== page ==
convict labor.
It is the Intention of the labor skin
ners of the state to have the convicts
worked in every way possible in com
petition with free labor. They give as
an excuse, that if the, work is not done
by convicts it ne\er will be done. The
same argument applies with equa:
logic to every piece of public work done
in the state and to all Industrial
activity
The recent legislature would have
passed a law to create a state highway
asross the state, to be built by con
vict labor, but resolutions passed by
Farmers' unions against convict labor
were presented in both houses of the
legislature, these resolutions killed the
state highway bill. The politicians
were afraid of the union farmers.
A year ago the question of convict
was a live one, and the political part.
les of the state pledged themselves to
pass a law to abolish convict labor, but
as usual these pledges were but camn
paign promises never Intended to be
carried out.
At the convention of he Montana
lederation of Labor head in GOa.t
Falls last August, convict labor "va'
thoroughly discussed and a resolutUn
was passed condemning convict labor
and demanding the repeal of the pres
ent law on convict labor. A commit
tee of five was appointed to investi
gate the convict labor problem and to
advise ways and means of securing
legislation that would not only prevent
convicts competiting unfairy with
labor, but would also insure the con
ticts being treat.d humanely and turn
the state pris.m into a reformatory,
instead of a place of punishment.
This committee was to report to the
legislative or executive committee of
the Montana Federation of Labor, but
with the exception of work done by
Adolf Hoist of Butte, the committee
did not do a single thing, that It was
created by the convention to do, anJ
up to date has made no report.
The chairman of the committee II.
() Smith Vice.-presldent of the Mont
ana Federation of Labor, Informed the
writer that he favored convicts work
ing on the highways. This possibly
accounts for the inaction of the com
mittee. Mr. Smith further stated that
he had sent lettersof Inquiry to a,
candidates in Helena for the legisia
ture, as per instructions received by
him fron organized labor, and that C.
P. Nolan. of Helena and elected a
member of the legislature had replied,
that he, (Nolan) was in favor of
working the convicts at anything that
would help to make the state prison
self sustaining.
Had the union men of Helena been
Informed of this statement by Mr.
Nolan before the election, it is more
than likely that Nolan would not have
been elected
The work done by organised labor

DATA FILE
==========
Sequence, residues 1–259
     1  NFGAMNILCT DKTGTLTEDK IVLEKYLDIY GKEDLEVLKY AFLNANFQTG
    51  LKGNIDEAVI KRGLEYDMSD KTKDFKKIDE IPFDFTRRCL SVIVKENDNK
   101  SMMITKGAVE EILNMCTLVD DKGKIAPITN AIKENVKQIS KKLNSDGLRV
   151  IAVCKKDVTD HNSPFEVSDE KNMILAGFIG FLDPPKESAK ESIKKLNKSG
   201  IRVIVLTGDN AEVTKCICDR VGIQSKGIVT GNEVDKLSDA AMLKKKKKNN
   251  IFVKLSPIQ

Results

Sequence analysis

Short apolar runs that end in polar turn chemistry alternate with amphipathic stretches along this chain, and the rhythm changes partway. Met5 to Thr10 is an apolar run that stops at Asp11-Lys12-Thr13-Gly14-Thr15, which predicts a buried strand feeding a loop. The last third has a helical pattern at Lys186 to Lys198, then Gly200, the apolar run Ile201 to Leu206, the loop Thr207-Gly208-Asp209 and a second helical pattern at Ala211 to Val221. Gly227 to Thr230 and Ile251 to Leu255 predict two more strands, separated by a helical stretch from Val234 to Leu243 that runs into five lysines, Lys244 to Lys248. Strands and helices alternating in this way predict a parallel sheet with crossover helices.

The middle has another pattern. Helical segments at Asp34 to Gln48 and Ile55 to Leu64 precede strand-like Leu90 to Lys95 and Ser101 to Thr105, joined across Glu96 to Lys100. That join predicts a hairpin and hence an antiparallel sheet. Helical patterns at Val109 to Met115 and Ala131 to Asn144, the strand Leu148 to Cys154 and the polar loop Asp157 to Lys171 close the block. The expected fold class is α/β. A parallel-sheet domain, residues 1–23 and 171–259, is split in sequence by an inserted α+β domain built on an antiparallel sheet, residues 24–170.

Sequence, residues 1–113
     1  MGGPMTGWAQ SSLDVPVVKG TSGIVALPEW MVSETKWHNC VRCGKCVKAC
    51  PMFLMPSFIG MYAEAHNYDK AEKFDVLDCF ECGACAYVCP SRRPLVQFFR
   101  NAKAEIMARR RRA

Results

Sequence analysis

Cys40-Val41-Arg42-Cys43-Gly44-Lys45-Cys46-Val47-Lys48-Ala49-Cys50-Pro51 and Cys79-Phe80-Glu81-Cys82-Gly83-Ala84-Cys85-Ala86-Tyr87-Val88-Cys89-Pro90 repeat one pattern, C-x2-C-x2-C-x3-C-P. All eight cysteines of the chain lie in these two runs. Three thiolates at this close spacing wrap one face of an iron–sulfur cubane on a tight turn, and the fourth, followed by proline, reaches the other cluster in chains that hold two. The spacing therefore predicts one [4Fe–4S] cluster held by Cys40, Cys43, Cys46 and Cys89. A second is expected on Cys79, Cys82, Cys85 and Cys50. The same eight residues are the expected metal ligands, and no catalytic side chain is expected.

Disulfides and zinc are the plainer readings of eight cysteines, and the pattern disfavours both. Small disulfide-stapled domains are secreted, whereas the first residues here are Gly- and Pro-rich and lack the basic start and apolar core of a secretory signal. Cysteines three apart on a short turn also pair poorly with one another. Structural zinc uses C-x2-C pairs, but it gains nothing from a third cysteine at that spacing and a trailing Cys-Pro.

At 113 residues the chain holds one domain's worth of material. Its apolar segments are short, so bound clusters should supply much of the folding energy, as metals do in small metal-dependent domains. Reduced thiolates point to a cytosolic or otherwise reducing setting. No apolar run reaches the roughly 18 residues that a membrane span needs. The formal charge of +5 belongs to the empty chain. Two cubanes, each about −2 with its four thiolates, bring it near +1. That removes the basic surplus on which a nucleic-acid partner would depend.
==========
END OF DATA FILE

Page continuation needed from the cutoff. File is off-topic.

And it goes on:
against convict labor did not b.,ar
fruit, as those intrusted with the legis
lative program against convict hlor
did nothing.
At present the State Prison Board
have power to use the convicts as
they see fit. provided they do not
contract the convict out. The prison
board if they so wished, could have.
the convicts attempt to build a rail
road to the moon.
To limit the power of the l'rijon
Board, and ilmlting convict labor .4
bill was introduced In the last legisla.
ture by Itepresntativo, John Bak, r of
Helern, a member of the Typograph
Ical union.
It was near the end of the s.Mesion
that the bill was Introduced and dlied
in the hands of the steering car,nrlit.
tee. The bill did not receive proper
support from the members of organ.
Ised labor who were members of teh
legislature. Including the gentl.,,man
who Intrduced the hill. In fact the
legislators who were members or or.
ganized labor did absolutely nothing
against convict labor, not a word was
heard from them In behalf of organ
Ised labor on the subject of convict
labor. The only exception to this, was
Itepresentativ Jama, U IhNady, ot
$utte, a member of the Carpenters
union. McNally werbt for the blU
against convict labor, while it was
In the committee Sad whoa the bill
appropriating upwards at *6g.Oe to
reimburse Conley and MoTague for
property they claimed, which was pro
4uced by convIcts. McNally endeav
oulred to make some lavestigation,
,but the bill was so framed as to limit
his work and the scope of the Invest.
gEation.
MI. hM. Donohue, President of the
Montana Federation of Labor, worked
in behaif of the bill against convict
labor. he worked conscientiously and
to the best of his ability, but did not
accomplish much as he was up against
a bad bunch and did not receive
i'roper support.
The question is still open and it is
up to organised labor In Montana
to carry on a more aggressive cam
paign against convict labor, or else
cuffer the consequence. The powers
that be are determined to do all in
their power to force the convicts Into
competition with free labor, hoping
thereby to be able to reduce wages.
Preparing Foe Hell
According to dispatches from Wash
ington, the country faces today the
prospect of having a standing and re
serve army of from 500.000 to 5.0,000
trained men within a few years. To
accomplish this it will be necessary